The future of small cell lung cancer care

Small cell lung cancer is the least common
form of lung cancer that we treat It makes up approximately 15% of lung cancer. Patients who present with
small cell lung cancer tend to have large primary tumours
and large lymph nodes within their chest. As a consequence of those large
volume tumours and lymph nodes, they suffer with cough and
breathlessness and often chest pain. The survival from small cell lung cancer is unfortunately
much worse than non-small cell lung cancer even with standard of care treatment
they only survive 10 months. As a consequence, there’s very few
patients who live to 5 years. The challenge that I face when I treat
patients with small cell lung cancer is that the cancer itself grows quickly. The majority of patients that I treat
have advanced incurable disease. As a consequence of that, I typically use
combination chemotherapy. When I first meet patients with extensive-stage
small cell lung cancer, I explain to them that their disease is likely
to respond well to chemotherapy In fact, many of those patients are impressed
when they see the response they’ve had to their platinum doublet chemotherapy. Unfortunately though, many of them are
devastated when they come back only after a short period of time later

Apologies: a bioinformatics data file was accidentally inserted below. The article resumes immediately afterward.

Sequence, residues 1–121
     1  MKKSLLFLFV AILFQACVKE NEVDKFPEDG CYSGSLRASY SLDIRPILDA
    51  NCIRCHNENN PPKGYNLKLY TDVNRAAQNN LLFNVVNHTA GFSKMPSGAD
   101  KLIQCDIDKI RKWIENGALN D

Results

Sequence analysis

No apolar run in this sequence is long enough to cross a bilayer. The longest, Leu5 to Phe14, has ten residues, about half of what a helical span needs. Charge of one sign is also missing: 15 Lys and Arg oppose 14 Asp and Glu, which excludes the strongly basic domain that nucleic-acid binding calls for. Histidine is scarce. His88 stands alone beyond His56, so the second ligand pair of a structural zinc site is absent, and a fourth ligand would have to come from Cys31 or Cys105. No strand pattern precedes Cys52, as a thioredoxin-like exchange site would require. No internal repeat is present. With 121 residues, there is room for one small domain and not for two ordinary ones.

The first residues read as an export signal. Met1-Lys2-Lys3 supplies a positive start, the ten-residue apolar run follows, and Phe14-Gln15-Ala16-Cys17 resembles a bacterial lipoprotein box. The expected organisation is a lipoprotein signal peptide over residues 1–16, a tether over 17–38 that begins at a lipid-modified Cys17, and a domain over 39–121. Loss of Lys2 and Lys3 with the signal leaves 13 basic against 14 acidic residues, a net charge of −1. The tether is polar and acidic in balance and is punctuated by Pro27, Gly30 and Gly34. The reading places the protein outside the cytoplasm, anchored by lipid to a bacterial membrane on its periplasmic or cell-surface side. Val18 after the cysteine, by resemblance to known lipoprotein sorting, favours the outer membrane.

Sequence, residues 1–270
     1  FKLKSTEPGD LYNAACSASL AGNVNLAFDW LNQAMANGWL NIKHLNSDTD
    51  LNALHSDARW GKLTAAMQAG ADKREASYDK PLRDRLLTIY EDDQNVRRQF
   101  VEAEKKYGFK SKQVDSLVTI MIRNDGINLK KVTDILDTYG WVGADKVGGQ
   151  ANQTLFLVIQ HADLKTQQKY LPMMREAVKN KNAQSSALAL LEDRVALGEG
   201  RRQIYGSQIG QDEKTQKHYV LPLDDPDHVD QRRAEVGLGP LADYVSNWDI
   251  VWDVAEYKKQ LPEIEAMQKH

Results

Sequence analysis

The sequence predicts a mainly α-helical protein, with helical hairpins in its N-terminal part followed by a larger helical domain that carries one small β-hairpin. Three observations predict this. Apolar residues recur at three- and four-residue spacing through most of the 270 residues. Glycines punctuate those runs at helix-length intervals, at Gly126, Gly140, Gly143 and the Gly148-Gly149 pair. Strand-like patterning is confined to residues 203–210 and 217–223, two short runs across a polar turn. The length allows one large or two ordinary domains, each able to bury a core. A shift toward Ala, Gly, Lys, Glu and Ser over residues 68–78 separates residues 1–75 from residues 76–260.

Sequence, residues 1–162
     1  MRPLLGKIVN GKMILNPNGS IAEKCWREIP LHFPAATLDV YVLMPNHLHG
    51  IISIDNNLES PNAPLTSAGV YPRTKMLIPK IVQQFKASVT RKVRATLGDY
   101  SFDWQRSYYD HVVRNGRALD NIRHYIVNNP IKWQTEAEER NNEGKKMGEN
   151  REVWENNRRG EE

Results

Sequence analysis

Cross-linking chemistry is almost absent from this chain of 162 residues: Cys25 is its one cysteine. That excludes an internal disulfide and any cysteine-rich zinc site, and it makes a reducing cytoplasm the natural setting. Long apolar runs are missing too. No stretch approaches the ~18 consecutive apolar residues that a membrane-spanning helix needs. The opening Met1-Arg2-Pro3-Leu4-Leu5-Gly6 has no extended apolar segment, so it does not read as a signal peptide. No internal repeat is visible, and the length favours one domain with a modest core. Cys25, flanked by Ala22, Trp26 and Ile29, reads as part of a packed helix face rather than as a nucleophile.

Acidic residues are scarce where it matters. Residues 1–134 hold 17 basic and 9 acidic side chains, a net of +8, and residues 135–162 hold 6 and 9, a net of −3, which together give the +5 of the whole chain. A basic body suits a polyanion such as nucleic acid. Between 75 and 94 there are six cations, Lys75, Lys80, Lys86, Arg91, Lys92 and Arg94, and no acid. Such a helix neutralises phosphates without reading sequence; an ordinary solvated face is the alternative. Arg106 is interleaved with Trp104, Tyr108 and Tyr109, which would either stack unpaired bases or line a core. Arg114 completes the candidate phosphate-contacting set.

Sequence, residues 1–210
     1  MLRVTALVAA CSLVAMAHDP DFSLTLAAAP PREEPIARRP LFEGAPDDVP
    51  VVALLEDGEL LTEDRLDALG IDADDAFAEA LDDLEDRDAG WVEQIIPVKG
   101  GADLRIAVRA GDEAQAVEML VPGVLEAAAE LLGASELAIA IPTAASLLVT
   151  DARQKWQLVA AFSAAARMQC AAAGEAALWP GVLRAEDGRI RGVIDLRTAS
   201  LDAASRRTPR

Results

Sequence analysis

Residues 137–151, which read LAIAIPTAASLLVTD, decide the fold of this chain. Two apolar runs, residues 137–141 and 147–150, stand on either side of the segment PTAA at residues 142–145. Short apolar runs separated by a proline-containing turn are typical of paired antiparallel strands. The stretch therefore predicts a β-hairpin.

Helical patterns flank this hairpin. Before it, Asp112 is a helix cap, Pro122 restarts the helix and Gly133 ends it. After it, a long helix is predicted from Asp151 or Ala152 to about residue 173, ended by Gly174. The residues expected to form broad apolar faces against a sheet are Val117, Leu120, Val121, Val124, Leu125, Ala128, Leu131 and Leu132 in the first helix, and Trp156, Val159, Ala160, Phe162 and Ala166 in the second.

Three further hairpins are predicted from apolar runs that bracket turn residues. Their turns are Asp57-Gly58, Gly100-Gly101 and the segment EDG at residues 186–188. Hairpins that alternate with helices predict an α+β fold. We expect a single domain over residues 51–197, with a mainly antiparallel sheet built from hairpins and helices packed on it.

to find their disease has regrown and on receiving further treatment
does not respond as well as it did. For over 20 years, combination chemotherapy
has been the standard of care. Despite over 40 clinical trials, there hasn’t yet been
any significant change to that standard of care. When you combine chemotherapy
with immunotherapy you’re combining a treatment which can
gain control of the disease quickly. The immunotherapy is then allowed time to mount an immune response
which offers the patient durability. It’s now recognised that tumours
with high mutational burden are the ones that respond best to
immunotherapy drug treatment. Small cell lung cancer is
just one of those tumours. As a consequence of that, when patients with
small cell lung cancer receive immunotherapy, the immunotherapy encourages their
immune system to attack their tumour cells. Over the past 10 years, there have been
dramatic developments in the management of patients
with lung cancer. Through advances in our
understanding of lung cancer, we’ve seen new drugs such as immunotherapy,
new types of chemotherapy, new targeted therapy but also advances in
radiation delivery and even surgery. Patients with extensive-stage small cell
have disease which grows quickly. You therefore need treatment which can gain
control of the disease quickly, As with most new treatments that we see in oncology,
we examine their benefits in the advanced setting. I’m hopeful that in future, those benefits will be examined
in the limited stage setting of small cell lung cancer Now, patients who I treat with lung cancer
have a wealth of new treatment options, and it’s important that we personalise
those treatment options to their disease.